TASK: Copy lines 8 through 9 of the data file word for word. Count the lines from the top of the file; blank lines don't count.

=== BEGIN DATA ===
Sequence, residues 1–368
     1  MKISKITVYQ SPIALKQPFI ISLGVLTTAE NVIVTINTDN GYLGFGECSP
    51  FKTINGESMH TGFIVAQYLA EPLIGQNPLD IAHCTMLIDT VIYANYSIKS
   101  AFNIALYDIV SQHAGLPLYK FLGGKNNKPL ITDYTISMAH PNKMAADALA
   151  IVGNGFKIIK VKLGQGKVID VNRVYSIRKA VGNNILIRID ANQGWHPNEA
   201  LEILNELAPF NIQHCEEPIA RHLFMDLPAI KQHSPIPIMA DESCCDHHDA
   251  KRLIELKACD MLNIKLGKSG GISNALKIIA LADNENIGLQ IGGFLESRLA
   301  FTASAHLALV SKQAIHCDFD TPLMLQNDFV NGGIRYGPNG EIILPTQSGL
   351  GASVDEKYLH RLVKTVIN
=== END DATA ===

   301  FTASAHLALV SKQAIHCDFD TPLMLQNDFV NGGIRYGPNG EIILPTQSGL
   351  GASVDEKYLH RLVKTVIN